Ohio environmental stewardship awards

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COLUMBUS – Five family livestock farmers were presented with this year’s environmental stewardship awards for their exemplary conservation and resource stewardship management practices.

Award recipients included Patrick Hord, Hord Livestock Co., Bucyrus, Ohio; Carl Link, Cooper Farms, Fort Recovery, Ohio; Terry Wehrkamp, Cooper Farms, Oakwood, Ohio; Chuck and Lisa Rodenfels, Somerhill Farm, Caldwell, Ohio, and Wayne and June Williams, Oak Hill, Ohio.

Factors considered in determining award recipients include the general nature and history of the farming operation, manure management system and how the manure management program contributes to the respective operation’s profitability.

Other factors include stewardship goals and accomplishments; innovative management practices developed and implemented; involvement in programs that promote environmental stewardship; steps taken to develop and present a positive image for the individual operation; and steps taken to improve communications and relations with the farm’s neighbors and community.

Patrick Hord. Hord Livestock consists of a network of family pork producers. It follows a manure nutrient plan developed in accordance with the Soil and Water Conservation District.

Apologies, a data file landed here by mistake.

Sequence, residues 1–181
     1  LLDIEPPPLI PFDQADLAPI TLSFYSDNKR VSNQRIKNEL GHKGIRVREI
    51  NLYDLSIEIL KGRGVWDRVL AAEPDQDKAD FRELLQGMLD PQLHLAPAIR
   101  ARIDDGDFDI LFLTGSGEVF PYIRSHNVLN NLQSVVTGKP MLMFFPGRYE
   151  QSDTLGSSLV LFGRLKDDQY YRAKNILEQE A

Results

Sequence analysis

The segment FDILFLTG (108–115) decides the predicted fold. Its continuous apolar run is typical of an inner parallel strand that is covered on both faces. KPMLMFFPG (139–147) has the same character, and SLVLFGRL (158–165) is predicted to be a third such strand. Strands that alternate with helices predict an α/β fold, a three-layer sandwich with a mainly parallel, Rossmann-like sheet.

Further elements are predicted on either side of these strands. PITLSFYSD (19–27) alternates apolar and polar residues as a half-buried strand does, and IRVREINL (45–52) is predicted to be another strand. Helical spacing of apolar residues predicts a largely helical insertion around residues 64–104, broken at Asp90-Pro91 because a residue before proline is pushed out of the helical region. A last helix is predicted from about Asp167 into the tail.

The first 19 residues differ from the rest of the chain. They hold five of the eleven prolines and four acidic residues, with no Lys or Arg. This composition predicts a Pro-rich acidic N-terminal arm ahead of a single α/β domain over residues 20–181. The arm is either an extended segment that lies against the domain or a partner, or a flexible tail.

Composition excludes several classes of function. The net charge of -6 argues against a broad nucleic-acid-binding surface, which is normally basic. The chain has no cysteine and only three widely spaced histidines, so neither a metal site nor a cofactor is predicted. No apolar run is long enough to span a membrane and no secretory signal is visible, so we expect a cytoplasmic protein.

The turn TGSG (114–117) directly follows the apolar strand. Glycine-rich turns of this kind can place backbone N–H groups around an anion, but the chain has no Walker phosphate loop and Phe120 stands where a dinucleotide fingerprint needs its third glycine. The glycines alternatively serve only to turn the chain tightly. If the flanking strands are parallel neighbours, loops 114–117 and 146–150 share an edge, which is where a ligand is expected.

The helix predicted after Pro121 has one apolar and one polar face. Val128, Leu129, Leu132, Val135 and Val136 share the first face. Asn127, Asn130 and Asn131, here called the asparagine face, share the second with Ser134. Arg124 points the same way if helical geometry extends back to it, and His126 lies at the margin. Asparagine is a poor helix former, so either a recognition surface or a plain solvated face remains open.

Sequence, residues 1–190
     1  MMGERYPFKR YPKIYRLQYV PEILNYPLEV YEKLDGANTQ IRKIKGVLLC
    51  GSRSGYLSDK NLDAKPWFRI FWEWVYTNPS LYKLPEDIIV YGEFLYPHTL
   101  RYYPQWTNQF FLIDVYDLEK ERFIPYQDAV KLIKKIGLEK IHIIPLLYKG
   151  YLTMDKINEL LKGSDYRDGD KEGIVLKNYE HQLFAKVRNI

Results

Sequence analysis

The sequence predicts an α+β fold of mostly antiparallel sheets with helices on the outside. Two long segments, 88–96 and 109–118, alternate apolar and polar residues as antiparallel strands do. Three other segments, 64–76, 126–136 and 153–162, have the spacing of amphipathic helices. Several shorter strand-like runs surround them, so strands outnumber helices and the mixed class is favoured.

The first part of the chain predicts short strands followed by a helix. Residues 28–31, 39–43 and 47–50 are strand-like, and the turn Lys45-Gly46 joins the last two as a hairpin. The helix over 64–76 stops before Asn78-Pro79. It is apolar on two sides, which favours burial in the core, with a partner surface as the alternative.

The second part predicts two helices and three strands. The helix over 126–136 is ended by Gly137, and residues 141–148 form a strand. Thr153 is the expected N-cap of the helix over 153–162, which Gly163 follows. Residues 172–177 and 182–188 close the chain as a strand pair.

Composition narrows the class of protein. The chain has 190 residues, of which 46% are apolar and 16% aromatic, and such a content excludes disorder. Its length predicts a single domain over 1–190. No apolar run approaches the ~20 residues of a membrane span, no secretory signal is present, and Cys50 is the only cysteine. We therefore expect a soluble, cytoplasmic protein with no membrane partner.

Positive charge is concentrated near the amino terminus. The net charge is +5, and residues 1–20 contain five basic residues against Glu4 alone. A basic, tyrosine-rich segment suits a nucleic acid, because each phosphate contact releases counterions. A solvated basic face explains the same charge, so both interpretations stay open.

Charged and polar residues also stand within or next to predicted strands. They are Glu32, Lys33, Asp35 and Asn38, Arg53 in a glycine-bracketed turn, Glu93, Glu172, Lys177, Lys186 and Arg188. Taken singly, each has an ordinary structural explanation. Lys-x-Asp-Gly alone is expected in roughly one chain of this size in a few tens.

To protect water quality, the Hords have more than 30 acres of grass filter strips along the farm’s open ditches. The family also has more than one mile of vegetative windbreaks to reduce swine odors.

All manure is applied using an injection system that reduces odors and run-off. A feed additive also controls odors.

The farm also has an emergency response plan to prevent potential pollution.

Another winner. Carl Link and Terry Wehrkamp, of Cooper Farms, constructed ponds to prevent overflow and allow the ground to absorb excess water.

Twenty-five acres are enrolled in the Conservation Reserve Program, and an intermittent sprinkler system eliminates run-off.

They use manure from turkey, layers and swine to meet the nutrient needs of corn and soybean crops. Animal mortalities are composted using an approved facility that turns dead animals into fertilizer.

Williams. Wayne and June Williams have more than 4,200 feet of grass waterways. Several acres of highly eroded soil has been cleared of brush, seeded, mulched and converted to permanent pasture for cattle.

To improve the grazing system, they have fenced their livestock away from stream banks and developed two springs to provide water to the grazing cattle.

They have installed heavy-use pads constructed from flue gas de-sulfurization byproducts and use geotextile fabrics to stabilize lanes connecting the barn and pastures in the areas surrounding the water tanks.

Rodenfels. Chuck and Lisa Rodenfels lamb outside to reduce labor requirements. They have helped nine others get started in the sheep business and helped start Ohio Cheviot Jim Cluff Memorial Starter Flock Program.

Rodenfels use rotational grazing and have spring developments to provide clean drinking water. This also helps to scatter distribution of manure.

The Rodenfels provide riparian protection by controlling grazing activity along the stream that flows through their farm. They also practice woodland management by installing fences to prevent livestock from gaining access to the area.

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